I am currently in the shit-hole city of Georgetown. Malaysia is full of contradictions and can’t decide whether or not it wants to complete its transformation into a first world nation (or close to one.) Despite the fact that I can’t stand this country’s culture, I think it has immense potential for development and investing over the next decade. The beaches and islands on the east coast are untouched and some of the most beautiful in the world. The people are very well educated and speak many languages — Chinese, English, Tamil, Malay, Arabic are all very common. The roads and infrastructure are excellent. Furthermore, we have recently seen Middle Eastern arabs pull something like a trillion dollars out of hedge funds — there are many reasons why this might be the next destination for some of this cash: foreigners can own land, many banks practice Islamic banking, it is a Muslim country, the landscape is extremely diverse and resource rich, highly educated populace, etc. Everything here is unbelievably cheap (except alcohol.) I have been told that Thailand is cheaper, but Malaysia’s prices are similar to Paraguay’s. My hostels normally cost $3, food is ~ $5 and a five hour bus ride is $6. I am easily surviving on less than $12 on days I don’t travel.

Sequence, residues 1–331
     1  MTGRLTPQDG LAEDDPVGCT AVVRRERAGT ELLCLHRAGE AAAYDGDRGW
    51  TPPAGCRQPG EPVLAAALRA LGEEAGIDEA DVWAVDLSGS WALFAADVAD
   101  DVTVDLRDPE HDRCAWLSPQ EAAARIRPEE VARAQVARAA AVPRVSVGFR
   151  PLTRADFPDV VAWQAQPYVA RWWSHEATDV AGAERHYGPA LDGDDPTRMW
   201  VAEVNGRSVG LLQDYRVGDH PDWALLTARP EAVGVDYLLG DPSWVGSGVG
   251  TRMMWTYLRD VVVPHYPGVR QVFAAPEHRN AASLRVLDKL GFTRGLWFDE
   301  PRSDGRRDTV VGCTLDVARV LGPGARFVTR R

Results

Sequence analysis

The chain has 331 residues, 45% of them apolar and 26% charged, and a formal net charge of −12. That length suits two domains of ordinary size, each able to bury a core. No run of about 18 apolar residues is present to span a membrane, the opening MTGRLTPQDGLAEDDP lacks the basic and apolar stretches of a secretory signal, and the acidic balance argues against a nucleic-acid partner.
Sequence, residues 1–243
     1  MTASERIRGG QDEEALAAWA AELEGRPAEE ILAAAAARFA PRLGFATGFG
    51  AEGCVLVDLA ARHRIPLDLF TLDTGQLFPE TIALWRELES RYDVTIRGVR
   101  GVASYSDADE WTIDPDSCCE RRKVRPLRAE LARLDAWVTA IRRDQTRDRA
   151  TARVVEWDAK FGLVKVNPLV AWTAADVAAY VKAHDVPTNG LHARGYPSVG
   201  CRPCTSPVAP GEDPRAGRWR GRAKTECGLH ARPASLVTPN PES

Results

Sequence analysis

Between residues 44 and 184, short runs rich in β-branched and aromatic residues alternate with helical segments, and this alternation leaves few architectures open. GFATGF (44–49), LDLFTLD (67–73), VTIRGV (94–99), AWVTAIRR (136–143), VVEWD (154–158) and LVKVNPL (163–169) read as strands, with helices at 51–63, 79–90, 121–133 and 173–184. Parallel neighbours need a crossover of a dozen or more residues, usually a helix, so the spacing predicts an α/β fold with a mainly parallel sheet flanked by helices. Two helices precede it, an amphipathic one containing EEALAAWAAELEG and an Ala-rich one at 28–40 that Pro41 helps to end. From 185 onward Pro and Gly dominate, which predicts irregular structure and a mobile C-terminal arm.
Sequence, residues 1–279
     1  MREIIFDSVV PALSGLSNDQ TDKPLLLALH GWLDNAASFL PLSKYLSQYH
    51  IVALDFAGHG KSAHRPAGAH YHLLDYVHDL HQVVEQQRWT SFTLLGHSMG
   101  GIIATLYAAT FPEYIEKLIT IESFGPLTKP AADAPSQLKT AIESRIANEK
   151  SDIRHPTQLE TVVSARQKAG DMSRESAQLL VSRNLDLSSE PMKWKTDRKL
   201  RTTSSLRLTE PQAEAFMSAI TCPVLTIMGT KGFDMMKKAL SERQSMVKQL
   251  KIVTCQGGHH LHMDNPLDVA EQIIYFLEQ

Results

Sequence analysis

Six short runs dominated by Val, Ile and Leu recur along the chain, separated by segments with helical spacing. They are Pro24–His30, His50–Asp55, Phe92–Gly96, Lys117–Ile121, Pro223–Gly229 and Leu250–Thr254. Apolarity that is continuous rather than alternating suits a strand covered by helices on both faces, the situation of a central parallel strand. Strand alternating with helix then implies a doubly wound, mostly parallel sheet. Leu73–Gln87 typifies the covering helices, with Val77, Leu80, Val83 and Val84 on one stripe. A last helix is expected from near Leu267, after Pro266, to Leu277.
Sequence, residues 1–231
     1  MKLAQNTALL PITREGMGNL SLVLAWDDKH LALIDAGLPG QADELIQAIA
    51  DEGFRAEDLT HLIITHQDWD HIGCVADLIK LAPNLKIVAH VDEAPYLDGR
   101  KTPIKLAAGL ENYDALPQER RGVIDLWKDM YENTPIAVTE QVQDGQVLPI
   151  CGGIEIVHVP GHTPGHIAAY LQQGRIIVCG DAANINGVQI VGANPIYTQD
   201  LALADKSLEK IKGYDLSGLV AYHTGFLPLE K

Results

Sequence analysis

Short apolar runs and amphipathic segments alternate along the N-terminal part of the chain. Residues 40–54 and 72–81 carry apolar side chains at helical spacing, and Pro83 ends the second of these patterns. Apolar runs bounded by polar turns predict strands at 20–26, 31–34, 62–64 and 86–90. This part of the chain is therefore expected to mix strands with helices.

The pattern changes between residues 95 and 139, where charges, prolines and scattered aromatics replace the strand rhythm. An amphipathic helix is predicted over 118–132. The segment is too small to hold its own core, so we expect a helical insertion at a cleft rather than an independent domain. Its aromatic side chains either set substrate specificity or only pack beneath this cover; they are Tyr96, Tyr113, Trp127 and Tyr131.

However, the opportunities in Malaysia are nothing compared to those in Laos because of the major infrastructure projects that China has been sponsoring. Laos is about to transition from transporting people and merchandise via rivers to roads. It is sandwiched between China and the more developed parts of SE Asia. Obviously, it is impeding China’s trade and Laos is going to develop unbelievably rapidly as a result. I will write more about this when I see it for myself in a couple weeks.